The recently released report on the unauthorized settlement outposts in the territories exposes the occupation in all its ugliness.
It reveals that settlers have been working underground for years in the branches of the government, that senior officials refused to divulge information to the report's compiler, attorney Talia Sasson, and that other officials acted contrary to the policies of their ministers.
The issue takes on an even more serious nature in light of the fact that heading the Civil Administration is a military officer with the rank of major general who was involved in unlawful acts. As a result, the Israel Defense Forces is entangled in this affair of deception.
The report's compiler levels accusations at all the branches of the government and the ministries connected with the settlement enterprise in the territories, but she refrains, almost demonstratively, from determining the responsibility of the Prime Minister's Office and the prime minister himself.
This fact will not excuse the prime minister from honoring his letter of commitment - written by attorney Dov Weisglass to Condoleezza Rice on September 14, 2004 - to dismantle the illegal outposts within a short period of time. Neither will it stop the Israeli public from becoming increasingly aware that the entire affair was one huge con on the part of the government.
The U.S. administration suspected as much a long time ago, but was unsure whether the government was intentionally breaking the law and lying, or had lost control over what was going on and was required to make false statements about construction in the territories.
The worrying thing is that when Secretary Rice visited Israel, she made do with a brief mention of the Israeli letter of commitment vis-a-vis the outposts, but failed to insist on the need to dismantle them as soon as possible. It appears that she, too, accepted the claim that it is best to focus now on the big plan, the disengagement, and leave the affair of the illegal outposts to the next stage.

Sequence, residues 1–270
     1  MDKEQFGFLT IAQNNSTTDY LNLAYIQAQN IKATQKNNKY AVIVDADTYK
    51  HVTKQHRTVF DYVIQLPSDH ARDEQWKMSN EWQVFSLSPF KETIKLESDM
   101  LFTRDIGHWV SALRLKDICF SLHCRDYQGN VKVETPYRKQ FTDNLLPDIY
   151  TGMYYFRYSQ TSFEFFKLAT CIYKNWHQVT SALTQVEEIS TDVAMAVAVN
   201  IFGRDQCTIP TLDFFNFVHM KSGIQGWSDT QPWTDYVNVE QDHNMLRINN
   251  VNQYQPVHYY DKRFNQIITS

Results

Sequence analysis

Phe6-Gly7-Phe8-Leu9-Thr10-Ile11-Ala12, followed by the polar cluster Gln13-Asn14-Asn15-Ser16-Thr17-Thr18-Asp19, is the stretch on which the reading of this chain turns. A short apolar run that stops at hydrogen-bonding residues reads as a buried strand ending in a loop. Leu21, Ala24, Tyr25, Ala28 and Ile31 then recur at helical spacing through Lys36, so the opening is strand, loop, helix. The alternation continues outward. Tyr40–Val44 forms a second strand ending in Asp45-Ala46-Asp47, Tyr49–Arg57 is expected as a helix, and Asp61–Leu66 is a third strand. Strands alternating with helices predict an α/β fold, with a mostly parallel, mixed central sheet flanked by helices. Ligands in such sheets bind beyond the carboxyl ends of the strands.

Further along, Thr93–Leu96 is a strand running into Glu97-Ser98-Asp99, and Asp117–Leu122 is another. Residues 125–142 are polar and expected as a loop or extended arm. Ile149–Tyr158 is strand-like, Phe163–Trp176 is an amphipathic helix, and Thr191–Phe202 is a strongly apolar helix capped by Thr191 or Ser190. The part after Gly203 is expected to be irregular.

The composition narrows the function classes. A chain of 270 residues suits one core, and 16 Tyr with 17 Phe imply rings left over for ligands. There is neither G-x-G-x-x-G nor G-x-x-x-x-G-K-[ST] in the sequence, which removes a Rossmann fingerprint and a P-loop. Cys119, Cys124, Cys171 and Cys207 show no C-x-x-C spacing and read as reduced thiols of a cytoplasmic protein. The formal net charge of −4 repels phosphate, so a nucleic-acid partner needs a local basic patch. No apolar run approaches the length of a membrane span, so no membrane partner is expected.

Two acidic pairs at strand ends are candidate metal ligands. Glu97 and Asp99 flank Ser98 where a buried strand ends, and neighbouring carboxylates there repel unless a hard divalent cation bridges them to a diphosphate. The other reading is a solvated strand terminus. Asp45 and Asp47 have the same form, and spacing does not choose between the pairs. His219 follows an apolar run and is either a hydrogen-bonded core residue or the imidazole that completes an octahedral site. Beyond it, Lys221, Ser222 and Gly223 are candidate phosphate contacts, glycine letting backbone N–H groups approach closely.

The underground activity took place primarily in the defense establishment. The defense minister's aide acted contrary to the minister's policies, wrote letters that contradicted policy, and tried to mislead Sasson in his testimony. Following Sasson's scathing remarks, it is doubtful if the minister's aide can remain in his position. The question is will Shaul Mofaz oust him or will he ask him to hand in his resignation.
For its part, the Civil Administration was involved in allocating private Palestinian land on which outposts were unlawfully established. Fifteen of the outposts are on privately owned Palestinian land. The Civil Administration, in essence, failed to carry out the supervision work with which it was entrusted.
Out of the entire defense establishment, attorney Sasson had good remarks for just one individual - Brigadier General (res.) Baruch Spiegel, who helped her to get her hands on particulars that others had kept from her.
There are military roles that the army is required to fulfill in the territories, but there is no need to entangle it in administrative duties. These should be left to civilian officials.
Want to enjoy 'Zen' reading - with no ads and just the article? Subscribe todaySubscribe now